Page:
The Mid-Week Beat: Vinyl Rules

big_vinyl_rules_1Today is an important day in history for all lovers of vinyl records. On this day in 1878, Thomas Edison patented the phonograph and unwittingly created the “record business” as we know it today.

Previous inventions had succeeded in recording sound, but Edison’s phonograph was the first device to be able to reproduce sounds. The original phonograph recorded sounds onto a tinfoil cylinder, and could both record and reproduce sounds. In the 1880s, Alexander Graham Bell made improvements on Edison’s original phonograph by introducing the use of wax-coated cardboard cylinders, and a cutting stylus that moved in a “zig zag” pattern across the record. It wasn’t until the turn of the 20th century that Emile Berliner introduced gramophone records: flat, double-sided discs with spiral grooves, the early ancestors to today’s vinyl records.

The vinyl record dominated the market of recorded music until the mid-1960s when 8-track tapes were introduced to the public. These would be followed by cassette tapes and eventually compact discs, which almost succeeded in eradicating vinyl records all together but luckily hip hop DJs and turntable enthusiasts kept the vinyl market alive until today, when we’re seeing a resurgence in vinyl production and consumption. Part may be due to nostalgia but many argue that digital formats like CDs and mp3s are unable to recreate the “warmth” that vinyl gives to a recorded piece of music.

I know for me personally, my favorite songs always sound better on vinyl, pops and hisses aside. I admit that part of this is nostalgia and the fact that putting a piece of vinyl on a turntable somehow makes that music seem more special than something I double-click in iTunes. There’s a ritual involved and a sense of tangibility that will never exist with digital files.

So, in honor of the record, I’m featuring some events that center either around vinyl itself, famous record labels, classic albums that are synonymous with vinyl or styles of music that rely heavily on vinyl.

And, be sure to thank Edison for all the great recorded music we’ve enjoyed for the last 136 years.

52a8fd08967a9.preview-620Friday, February 21 I Respect Yourself Screening and Book Signing with Author Robert Gordon Atlanta, Georgia

Some of my favorite records to spin on a Saturday night are old Stax Records sides like Otis Redding’s Live In Europe or any of the amazing records by Booker T. and the MG’s, Stax’s house band.

At this event in Atlanta, music historian and Memphis native Robert Gordon will be signing copies of his book Respect Yourself after a screening of the documentary with the same name about Stax Records. The book tells the story of a white brother and sister who build a record company that becomes a monument to racial harmony in 1960’s segregated south Memphis. Stax defined an international sound and their story is loaded with epic heroes in a shady industry. It’s about music and musicians–Isaac Hayes, Otis Redding, Sam and Dave, Wilson Pickett, the Staple Singers, and Booker T. and the M.G.’s and the legendary sound that they helped forge.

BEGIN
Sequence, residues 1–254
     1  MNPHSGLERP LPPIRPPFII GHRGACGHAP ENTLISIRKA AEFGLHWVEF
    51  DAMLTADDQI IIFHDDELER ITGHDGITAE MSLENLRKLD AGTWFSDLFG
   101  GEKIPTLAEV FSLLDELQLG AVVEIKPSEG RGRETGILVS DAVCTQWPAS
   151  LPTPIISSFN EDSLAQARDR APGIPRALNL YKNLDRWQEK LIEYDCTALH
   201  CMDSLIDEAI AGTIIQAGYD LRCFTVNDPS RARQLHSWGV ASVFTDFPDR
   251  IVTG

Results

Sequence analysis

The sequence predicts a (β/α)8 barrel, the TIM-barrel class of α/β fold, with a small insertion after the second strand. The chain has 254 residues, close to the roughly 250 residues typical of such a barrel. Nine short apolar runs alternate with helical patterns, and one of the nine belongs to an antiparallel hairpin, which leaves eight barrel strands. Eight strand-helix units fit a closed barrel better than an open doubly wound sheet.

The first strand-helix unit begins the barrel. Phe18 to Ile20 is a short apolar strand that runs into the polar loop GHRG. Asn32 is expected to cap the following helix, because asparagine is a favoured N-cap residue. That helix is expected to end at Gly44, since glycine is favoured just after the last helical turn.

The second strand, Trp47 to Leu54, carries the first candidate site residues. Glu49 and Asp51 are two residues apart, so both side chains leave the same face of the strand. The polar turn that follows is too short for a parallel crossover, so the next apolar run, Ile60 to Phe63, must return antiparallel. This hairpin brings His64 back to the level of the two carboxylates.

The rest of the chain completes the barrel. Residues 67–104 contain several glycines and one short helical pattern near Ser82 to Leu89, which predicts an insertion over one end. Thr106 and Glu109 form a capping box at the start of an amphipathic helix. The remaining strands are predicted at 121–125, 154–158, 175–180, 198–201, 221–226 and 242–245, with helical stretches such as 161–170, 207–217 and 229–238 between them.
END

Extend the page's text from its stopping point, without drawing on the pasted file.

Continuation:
After the screening Gordon further discusses his work with The Bitter Southerner‘s Editor-in-Chief Chuck Reece and resident “soulologist” Nelson Ross.


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The Mid-Week Beat: The Music of the Civil Rights Movement

Dr.-Martin-Luther-King-Jr-005With Martin Luther King Jr. Day coming up this Monday, this week is a chance for us to remember this great man and the incredible struggle that he helped spearhead: the civil rights movement of the 1950s and 60s.

And, since this is the Mid-Week Beat, it’s also important to remember what a key role music played for those involved in the struggle. When one thinks of the music of the civil rights era, we largely think of so-called “freedom songs”: African-American gospel hymns like “Go Down Moses” or “We Shall Not Be Moved,” that had deep roots in the African-American churches and socially concious folk songs sung by artists like Julius Lester, Odetta and Pete Seeger. The freedom songs were collaborative in nature and they served as a tool to bring people together in the struggle and to gain strength from one another.

Many younger African Americans involved in the movement, however, sought to separate themselves from the old church tradition and wanted music that was more revolutionary in spirit. Music that could be cranked at parties and was more receptive than participatory. Therefore, it was the soul and r&b that was being produced in Detroit by Motown or in Memphis by Stax, that spoke to this, more militant, generation.
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